Warehouse management involves physical warehouse infrastructure dealing with receipt, storage and movement of goods within an operation and then process the associated transactions. Knowledge about inventory control and warehousing systems, transport management, order management, mathematical calculations for optimum storage, risky goods management and entire accounting system.Do you want to learn more? Visit exotrac.
A Warehouse Management System (WMS) is an important part of an effective Supply Chain Management system. Implementation of WMS along with data collection will increase accuracy, efficient labor utilization to save costs without affecting goods movement cycle.
Implementation of a WMS:
The basic logic of any WMS software is combination of items, location, quantity, unit of measure, order information, where to stock, to pick up from and in what sequence to perform these operations. It is all about directed movement before you set up the extensive warehouse system by assigning specific logic to the various combinations of item/order/quantity/location and information in correct sequence.
Location Sequence: Define the pick up flow through the warehouse and assign a sequence number to each location.
Zone Logic: It designates an area; combine this with exact location logic within the zone to direct picking, put away, replenishment to and from specific areas of the warehouse.
Fixed Location. It uses pre-determined fixed locations per item piece picking, case-pick operation, put away and replenishment.
Random Location: It generally refers to areas where products are not stored in fixed locations. With combination with other logic, exact location can be determined.
FIFO: Directs picking from the oldest inventory first. First-In-First-Out.
LIFO: Last-In-First-Out is very relevant for overseas customers because of longer transit time. Especially useful for distribution of perishable goods for both domestic as well as overseas customers.
Quantity or Unit of Measure: Allows you to pick directly the same item based upon the quantity or unit-of-measured order from different primary picking or reserve storage locations.
Few Locations: This logic is primarily used for productivity. It determines least number of locations needed to pick the entire quantity or to stock the entire quantity. The only drawback of this logic is poor space utilization.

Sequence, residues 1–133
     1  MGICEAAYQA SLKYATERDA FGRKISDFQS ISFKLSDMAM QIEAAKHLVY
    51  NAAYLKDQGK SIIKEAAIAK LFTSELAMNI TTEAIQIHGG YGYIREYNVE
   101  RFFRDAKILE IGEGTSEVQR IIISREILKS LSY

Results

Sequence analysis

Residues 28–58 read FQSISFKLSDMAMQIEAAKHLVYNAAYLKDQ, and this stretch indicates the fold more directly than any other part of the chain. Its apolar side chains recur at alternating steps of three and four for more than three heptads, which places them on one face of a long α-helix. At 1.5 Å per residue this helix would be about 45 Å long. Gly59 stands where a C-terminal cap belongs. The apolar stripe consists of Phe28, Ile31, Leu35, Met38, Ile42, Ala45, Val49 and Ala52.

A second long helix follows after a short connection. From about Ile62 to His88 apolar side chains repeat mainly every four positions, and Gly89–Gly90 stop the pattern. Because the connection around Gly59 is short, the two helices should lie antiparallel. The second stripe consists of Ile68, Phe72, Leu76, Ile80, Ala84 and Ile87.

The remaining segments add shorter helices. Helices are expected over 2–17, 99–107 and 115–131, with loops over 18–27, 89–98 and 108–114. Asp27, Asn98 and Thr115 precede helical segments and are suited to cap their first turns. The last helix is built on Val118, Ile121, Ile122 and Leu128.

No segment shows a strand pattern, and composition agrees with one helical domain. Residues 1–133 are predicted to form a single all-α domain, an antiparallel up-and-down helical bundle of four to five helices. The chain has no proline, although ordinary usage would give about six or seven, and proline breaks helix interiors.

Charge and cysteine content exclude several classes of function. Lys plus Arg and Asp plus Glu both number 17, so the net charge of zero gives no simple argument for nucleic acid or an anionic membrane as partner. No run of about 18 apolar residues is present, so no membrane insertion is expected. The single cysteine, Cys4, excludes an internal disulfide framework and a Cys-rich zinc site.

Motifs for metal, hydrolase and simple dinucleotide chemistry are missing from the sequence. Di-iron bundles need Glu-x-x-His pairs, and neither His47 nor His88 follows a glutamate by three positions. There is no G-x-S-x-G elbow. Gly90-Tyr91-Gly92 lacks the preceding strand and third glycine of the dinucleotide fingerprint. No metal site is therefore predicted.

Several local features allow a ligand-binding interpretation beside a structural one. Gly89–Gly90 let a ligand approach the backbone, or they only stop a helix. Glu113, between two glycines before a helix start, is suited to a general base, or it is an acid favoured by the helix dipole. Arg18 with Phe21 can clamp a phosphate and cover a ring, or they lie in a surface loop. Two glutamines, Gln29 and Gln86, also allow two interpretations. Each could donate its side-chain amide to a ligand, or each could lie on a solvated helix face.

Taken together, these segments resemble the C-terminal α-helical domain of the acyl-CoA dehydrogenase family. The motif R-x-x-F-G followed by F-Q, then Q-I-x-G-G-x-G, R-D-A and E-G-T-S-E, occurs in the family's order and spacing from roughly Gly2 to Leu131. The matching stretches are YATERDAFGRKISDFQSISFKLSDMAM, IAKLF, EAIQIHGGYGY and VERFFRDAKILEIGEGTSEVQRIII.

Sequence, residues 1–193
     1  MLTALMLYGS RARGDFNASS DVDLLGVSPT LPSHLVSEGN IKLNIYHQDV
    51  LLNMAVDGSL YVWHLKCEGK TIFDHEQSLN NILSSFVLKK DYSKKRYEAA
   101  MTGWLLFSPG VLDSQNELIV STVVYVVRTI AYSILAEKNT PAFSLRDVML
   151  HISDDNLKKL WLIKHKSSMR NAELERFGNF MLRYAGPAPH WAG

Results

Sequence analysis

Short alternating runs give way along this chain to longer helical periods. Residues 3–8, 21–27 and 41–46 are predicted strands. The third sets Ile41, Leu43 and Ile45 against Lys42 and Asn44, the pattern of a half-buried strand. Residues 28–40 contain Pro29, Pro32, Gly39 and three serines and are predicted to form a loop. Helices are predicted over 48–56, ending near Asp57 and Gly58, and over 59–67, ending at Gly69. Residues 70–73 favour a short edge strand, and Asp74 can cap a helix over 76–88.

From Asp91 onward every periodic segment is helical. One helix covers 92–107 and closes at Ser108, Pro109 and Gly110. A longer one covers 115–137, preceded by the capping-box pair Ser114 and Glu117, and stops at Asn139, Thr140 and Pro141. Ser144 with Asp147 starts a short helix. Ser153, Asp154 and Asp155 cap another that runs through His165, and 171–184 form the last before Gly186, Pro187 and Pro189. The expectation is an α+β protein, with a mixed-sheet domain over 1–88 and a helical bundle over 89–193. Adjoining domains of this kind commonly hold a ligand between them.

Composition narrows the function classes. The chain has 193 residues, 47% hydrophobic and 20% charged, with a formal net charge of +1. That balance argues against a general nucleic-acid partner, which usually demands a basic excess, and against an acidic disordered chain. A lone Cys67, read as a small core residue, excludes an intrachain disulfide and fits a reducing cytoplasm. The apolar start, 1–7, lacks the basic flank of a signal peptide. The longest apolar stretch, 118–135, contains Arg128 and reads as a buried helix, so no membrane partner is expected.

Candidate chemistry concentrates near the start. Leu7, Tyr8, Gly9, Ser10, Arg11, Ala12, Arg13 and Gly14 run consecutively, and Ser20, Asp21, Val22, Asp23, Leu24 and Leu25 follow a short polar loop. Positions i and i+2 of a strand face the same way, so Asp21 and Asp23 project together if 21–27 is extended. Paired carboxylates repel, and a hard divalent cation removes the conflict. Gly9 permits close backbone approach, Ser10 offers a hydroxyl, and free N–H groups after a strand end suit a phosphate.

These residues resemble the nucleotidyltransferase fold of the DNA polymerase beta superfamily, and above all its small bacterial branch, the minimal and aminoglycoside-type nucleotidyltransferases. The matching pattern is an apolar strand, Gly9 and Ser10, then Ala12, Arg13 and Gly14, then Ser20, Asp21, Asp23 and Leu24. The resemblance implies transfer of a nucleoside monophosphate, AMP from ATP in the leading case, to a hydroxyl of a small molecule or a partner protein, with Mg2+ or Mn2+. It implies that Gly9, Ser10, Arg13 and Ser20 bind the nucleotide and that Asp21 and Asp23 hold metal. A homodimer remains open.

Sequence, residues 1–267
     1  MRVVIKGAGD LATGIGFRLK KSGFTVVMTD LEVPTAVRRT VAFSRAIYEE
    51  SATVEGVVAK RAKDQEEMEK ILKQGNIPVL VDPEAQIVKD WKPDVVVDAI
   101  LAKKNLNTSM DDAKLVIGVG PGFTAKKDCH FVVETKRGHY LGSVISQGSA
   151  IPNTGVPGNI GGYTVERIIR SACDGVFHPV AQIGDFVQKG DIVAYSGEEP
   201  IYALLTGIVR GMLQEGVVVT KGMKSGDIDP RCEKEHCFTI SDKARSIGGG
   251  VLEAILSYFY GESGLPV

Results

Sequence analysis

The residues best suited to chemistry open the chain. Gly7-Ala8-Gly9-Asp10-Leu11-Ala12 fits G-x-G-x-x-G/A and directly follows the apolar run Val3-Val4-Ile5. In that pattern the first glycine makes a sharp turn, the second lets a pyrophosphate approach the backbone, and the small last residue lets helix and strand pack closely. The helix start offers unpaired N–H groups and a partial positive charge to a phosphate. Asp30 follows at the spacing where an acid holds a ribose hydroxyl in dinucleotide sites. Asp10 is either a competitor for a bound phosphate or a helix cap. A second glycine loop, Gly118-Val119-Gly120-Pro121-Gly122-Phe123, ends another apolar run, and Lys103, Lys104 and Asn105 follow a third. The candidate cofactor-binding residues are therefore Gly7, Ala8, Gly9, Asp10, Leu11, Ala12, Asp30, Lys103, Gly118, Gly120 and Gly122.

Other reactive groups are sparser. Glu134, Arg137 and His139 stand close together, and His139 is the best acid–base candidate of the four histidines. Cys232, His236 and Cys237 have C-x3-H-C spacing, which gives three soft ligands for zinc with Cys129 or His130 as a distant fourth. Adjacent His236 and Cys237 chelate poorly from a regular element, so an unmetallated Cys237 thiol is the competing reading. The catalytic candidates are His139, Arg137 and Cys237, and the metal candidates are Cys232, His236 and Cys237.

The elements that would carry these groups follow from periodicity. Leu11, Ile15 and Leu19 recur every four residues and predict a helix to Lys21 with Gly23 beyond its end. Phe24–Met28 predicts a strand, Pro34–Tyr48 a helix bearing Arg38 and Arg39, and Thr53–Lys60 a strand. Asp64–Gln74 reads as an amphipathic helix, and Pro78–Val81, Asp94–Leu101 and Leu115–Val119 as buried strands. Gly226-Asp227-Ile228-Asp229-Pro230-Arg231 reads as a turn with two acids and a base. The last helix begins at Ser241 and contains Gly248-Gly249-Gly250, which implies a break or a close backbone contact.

Pick-to Clear: Great for space utilization as it directs pickings to the locations with the smallest quantities on hand.
Reserved Location: It predetermines specific location to move inbound or outbound shipments, even to an awaiting outbound trailer.
Nearest Location: This directs goods for picking/put away to the closest available location to that of previous set up.
Maximize Cube: Slightly impractical, but uses unit dimensions to calculate cubic inches per unit to cube capacity of the location. Units can then be stacked in a manner that it fills every cubic inch of available space.
Consolidate. It creates additional moves to consolidate, such as, products stored in multiple locations.
Lot Sequence: This logic uses lot number or lot date to determine locations to pick from or replenish.
Other Functions/Considerations of WMS:
Activity-based costing/billing for shipment, storage or transaction
Labor tracking/ Capacity planning in manufacturing
Yard management for cross docking of trailers
Slotting of packages in best locations
Pick cartons is best for similar size and weight cartons
Cycle counting for operational functionality
Advanced shipment notification to automate receiving process
Automated data collection with bar codes
Task interleaving and order picking to obtain maximum productivity
Combine multiple logic methods to determine best location for pick up, put away to optimize space utilization and productivity.
The functioning of WMS has many operational constraints, but is essential to serve the customers better and maintain the competitive edge.
Alexander Gordon is a writer for http://www.smallbusinessconsulting.com – The Small Business Consulting Community. Sign-up for the free success steps newsletter and get our booklet valued at $24.95 for free as a special bonus. The newsletter provides daily strategies on starting and significantly growing a business.
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